by their customers. Individual cable franchising agencies, such as Portland,
Oregon, have demanded that cable systems sell their services at non-discriminatory
conditions to third parties. The FCC is currently unwilling to impose general
open access conditions onto cable systems. Most people agree that the vibrant
competition in dial-up access services (more than 6,000 ISPs in the U.S.)
could evolve because of the availability of an open access telephone network.
Thus, maintaining the closed access model for cable systems may slow down
the further diffusion of broadband access.
Westbury, Robert (1999). Cable Open Access. Unpublished Manuscript,
East Lansing: Michigan State University.
LIBEL, PRIVACY AND THE INTERNET
Libel is dealt with at the state level as a part of tort law. Libel is a written communication that harms a person’s reputation, ability to enjoy social contact with others, or the ability to work or engage in business practices. Since the 1950s, communications on radio and television are considered a form of libel. Libelous statements include communications accusing a person of involvement in criminal activity, sexual slurs, certain political and religious statements, and communications involving business dealings with criminal elements. To win a libel suit, private persons have to demonstrate that defamation occurred, the statement was published, identification of the person took place, and that the statement was made with fault. In New York Times v. Sullivan (1962) the U.S. Supreme Court found that in the case of public officials fault was insufficient. In the case of public persons, in whose affairs the public has an increased interest and who have voluntarily sought public stature, actual malice has to be demonstrated to win a libel suit.
The Internet raises many challenging issues with respect to defamation.
First, it allows publication of statements with relatively simple means.
Second, these statements can reach very large audiences. A key question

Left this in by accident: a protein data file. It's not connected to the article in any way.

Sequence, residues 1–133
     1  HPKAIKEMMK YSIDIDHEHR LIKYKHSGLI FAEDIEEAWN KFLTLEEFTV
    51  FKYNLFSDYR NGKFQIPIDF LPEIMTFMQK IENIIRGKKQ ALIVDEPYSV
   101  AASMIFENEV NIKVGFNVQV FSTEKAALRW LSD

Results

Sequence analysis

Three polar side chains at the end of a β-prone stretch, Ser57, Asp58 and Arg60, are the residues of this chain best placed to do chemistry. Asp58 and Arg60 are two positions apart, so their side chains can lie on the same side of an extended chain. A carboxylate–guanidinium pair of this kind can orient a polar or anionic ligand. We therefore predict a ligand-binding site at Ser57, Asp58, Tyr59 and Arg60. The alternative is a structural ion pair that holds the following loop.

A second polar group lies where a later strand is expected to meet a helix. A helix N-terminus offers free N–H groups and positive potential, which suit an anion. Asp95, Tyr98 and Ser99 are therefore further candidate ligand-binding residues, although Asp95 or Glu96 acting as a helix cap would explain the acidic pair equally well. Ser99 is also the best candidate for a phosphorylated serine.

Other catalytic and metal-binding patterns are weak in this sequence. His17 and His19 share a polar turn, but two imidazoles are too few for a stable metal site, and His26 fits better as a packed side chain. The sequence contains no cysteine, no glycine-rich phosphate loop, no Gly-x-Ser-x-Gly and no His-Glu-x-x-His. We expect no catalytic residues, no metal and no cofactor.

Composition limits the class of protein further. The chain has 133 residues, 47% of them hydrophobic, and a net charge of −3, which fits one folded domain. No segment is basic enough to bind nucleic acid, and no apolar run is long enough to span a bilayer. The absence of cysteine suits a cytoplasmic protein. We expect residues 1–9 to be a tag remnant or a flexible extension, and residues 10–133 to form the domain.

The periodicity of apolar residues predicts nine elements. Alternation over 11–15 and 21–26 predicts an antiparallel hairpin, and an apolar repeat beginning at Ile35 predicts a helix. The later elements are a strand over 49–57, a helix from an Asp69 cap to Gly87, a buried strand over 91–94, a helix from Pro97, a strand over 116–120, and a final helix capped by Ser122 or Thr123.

is whether the operators of interactive computer services should be responsible
for defamatory content on their systems. Prior to the Telecommunications
Act of 1996, the courts established that a provider of such services would
be liable to defamatory content if it has editorial control over the content.
Thus, in Cubby v. CompuServe (1991) the courts found that no such
liability existed because CompuServe did not have any editorial control
over the bulletin board in question. In Stratton Oakmont v. Prodigy
(1995), a case in which a brokerage service was accused of mismanagement
on a bulletin board, the court found that Prodigy was liable, as it has
hired the moderator of the forum. However, in the Telecommunications Act
of 1996 Congress relieved the providers of interactive computer services
generally from such liability if the information was posted by third parties.
The U.S. Constitution does not explicitly guarantee a right to privacy. However, most experts agree that such a right follows from the Fifth Amendment. The U.S. Supreme Court first recognized a right to privacy in Griswold v. Connecticut (1965), a case involving the right of couples to buy contraceptives. Several year later, in Roe v. Wade (1973) the U.S. Supreme Court affirmed that “a right of privacy, or a guarantee of certain areas or zones of privacy does exist under the Constitution.” Violations of privacy are dealt with at the state level as part of tort law, which guides civil wrongs among persons. “Privacy” is most often defined as the right to be left alone or the right to be free from unwarranted publicity. Most state laws recognize four forms of privacy violations (see Smith, Meeske, Wright III, Electronic Media and Government, 1995 for more details):
In addition to information collected by websites, many services not
offer to “mine” public (and sometimes private) databases for information
on individuals. Social security numbers, financial reports, and FBI files
can all be bought on the Internet. Law enforcement agencies are concerned
about an increase in identity theft via electronic networks and related
crimes, such as the acquisition and abuse of credit cards using somebody
else’s name. Currently, no clear statutory provisions are in place to address
these issues. With a few exceptions such as health care, the U.S. approach
generally is that firms and the public sector may use individual data unless
users prohibit them from doing so (“opt-out” policy). In contrast, the
European Union is pursing an approach where individual’s information cannot
be used unless explicit consensus is given (“opt-in” policy).